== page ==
Congress has until July 1 to figure out how it is going to deal with the impending increase in student loan rates. If a proposal is not drawn up and the politicians on Capitol Hill decide to ignore the issue, then the rates will double from the current 3.4 percent to 6.8 percent. The hike may sound bad, as if it will have a great impact on students who depend on Stafford loans. But the truth is that the rise in loan rates will not have any damaging effects and the changes will be minor.
The two most popular student loans are the subsidized Stafford loan and the unsubsidized Stafford loan. The baseline rates for each are currently 3.4 percent and 6.8 percent, respectively. The subsidized Stafford loan’s interest rate, an extremely common loan that is typically offered to students whose parents make less than $70,000 a year, has been decreasing for the past six years. The recent debacle over the possible increase makes the looming transition—from 3.4 percent to 6.8 percent—seem worse than it actually is as a result. What people fail to remember is the subsidized Stafford loan was 6.8 percent a mere six years ago.
For those unfamiliar with the system involved in student loans, loans accepted from previous years will not be affected. The 6.8 percent hike will only affect those who are planning on taking out loans for the 2013-2014 school year—good news for the soon-to-be graduates. Subsidized Stafford loans borrowed in the past will not be affected since their interest rate remains at the percentage set during the years borrowed. So, there will be a minor increase for continuing students who expect to borrow a subsidized Stafford loan. Unsubsidized Stafford loans are not involved in the increase since they have always remained at 6.8 percent. But the small rise in subsidized loans will not exceed what it has been in the past.
In perspective, the loan increase is hardly anything substantial. Mark Kantrowitz, creator of the informative website FinAid.org, explained that the average subsidized Stafford loan at 6.8 percent would be $3,357 during the time that the rate remains as such. The impact on loan debt for students would be $761 extra in repayment obligations over a 10-year period. If you do the math, this comes out to be about $1.58 a week. This is of course just an average, but this increase is hardly detrimental on the education system, especially if the 6.8 percent hike only lasts for one year.
The message here is for students to realize that there is no substantial incoming negative effect that is going to put a strain on their financial obligations. This does not mean that the percent increase should be accepted with open arms. Yes, the rise in loan rates is not a significant worry. However, any increase that can be prevented should be prevented. The reason for this is simple: if we students can owe less money then why not owe less money?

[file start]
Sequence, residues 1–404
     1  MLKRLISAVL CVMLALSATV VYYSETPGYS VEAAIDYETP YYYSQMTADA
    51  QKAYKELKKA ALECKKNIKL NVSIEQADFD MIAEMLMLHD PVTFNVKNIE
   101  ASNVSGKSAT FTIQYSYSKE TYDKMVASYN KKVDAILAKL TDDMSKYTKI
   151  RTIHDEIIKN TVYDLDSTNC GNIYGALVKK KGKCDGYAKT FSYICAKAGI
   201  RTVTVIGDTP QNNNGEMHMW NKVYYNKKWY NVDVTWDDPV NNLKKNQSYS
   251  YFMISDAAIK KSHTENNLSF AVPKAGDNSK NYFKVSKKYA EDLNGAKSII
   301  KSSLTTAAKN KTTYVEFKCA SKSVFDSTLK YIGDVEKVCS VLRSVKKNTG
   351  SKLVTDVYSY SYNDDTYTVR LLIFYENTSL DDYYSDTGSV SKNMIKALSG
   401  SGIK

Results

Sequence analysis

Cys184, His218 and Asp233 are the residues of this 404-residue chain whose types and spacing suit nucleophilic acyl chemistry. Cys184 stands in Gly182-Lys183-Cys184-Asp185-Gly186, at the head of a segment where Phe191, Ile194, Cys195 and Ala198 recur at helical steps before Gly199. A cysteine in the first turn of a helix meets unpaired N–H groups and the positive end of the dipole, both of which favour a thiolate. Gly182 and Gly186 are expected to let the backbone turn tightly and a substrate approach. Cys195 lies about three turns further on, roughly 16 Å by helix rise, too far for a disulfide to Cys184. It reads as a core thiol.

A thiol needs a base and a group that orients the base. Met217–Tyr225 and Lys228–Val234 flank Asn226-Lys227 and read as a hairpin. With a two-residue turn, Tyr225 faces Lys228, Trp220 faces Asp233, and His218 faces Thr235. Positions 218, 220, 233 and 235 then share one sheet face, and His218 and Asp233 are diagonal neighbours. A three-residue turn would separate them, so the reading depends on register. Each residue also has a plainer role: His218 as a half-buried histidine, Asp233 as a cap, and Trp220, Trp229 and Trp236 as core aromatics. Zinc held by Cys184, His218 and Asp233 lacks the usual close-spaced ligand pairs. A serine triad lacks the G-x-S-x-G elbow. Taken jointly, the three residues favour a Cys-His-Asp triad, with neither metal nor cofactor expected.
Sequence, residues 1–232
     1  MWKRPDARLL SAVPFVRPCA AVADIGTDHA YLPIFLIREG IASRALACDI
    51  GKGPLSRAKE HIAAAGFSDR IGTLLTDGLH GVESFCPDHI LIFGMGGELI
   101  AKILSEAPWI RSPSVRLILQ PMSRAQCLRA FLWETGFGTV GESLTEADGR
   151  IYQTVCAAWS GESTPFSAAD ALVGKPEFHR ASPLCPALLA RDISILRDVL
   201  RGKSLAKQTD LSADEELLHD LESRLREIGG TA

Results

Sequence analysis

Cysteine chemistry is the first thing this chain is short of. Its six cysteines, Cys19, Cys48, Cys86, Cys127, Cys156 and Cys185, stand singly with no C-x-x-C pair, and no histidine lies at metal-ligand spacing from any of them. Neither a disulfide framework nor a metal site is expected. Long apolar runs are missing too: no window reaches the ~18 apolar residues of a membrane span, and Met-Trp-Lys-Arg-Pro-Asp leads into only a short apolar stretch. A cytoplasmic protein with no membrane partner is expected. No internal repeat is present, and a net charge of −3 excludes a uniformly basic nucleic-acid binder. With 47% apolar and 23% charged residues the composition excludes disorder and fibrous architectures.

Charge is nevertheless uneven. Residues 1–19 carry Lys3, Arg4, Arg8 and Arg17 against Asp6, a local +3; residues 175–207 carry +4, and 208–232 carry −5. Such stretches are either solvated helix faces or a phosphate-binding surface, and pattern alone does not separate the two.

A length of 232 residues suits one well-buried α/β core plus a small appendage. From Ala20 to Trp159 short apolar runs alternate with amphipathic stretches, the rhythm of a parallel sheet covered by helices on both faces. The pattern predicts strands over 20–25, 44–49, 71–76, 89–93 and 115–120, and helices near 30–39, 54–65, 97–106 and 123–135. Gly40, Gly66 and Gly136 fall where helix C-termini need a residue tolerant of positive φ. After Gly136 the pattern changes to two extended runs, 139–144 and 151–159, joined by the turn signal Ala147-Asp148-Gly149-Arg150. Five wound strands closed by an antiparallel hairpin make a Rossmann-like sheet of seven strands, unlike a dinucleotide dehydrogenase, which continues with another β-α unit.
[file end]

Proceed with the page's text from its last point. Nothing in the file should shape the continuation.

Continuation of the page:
The increase to 6.8 percent has been prevented before, but it would not be a surprise if the higher rate becomes the standard for the 2013-2014 school year since it has been so for years prior. Although students could end up paying a menial $6 more a month just for that year, Congress is attempting to deal with the issue. For instance, Representative Joe Courtney (D-Conn.) has proposed legislation that would postpone the loan hike for two years. This sounds like a worthwhile idea that could give politicians time to figure out what exactly they want to do about the increase in student loans.
This does not mean that all the suggested ideas are good ideas, though. The extension of the 3.4 percent rate for two years is a solid proposal for the time being, but President Barack Obama’s plan is in no way sufficient due to the fact that he has called for a market-based rate proposal. Lynn O’Shaughnessy of CBS’s “Money Watch” proclaims that Obama’s plan would stop the hike temporarily, but the Congressional Budget Office (CBO) has made clear that despite the short-term prevention of a rising subsidized Stafford loan rate, under a market-based solution, “the unsubsidized Stafford Loans would exceed their current 6.8 percent cap by 2016 and then top eight percent by 2018.” Postponing one increase means allowing for another loan rate to rise instead.
The problem with Obama’s plan is that a market-based rate proposal could lead to unexpected hikes, and even though there is an 8.25 percent cap on Stafford loans, I would be more satisfied with remaining at the usual 6.8 percent. For now, Courtney has the better proposal at hand.
Perhaps students will see an increase in their student loans, but this is not unprecedented, since it has been this rate before and was even expected as of last year. Students will also see no significant financial burdens. The hope for the time being is to see if Congress will be able to keep the 3.4 percent rate intact for a couple more years. If not, why worry about a few missing quarters from the piggy bank?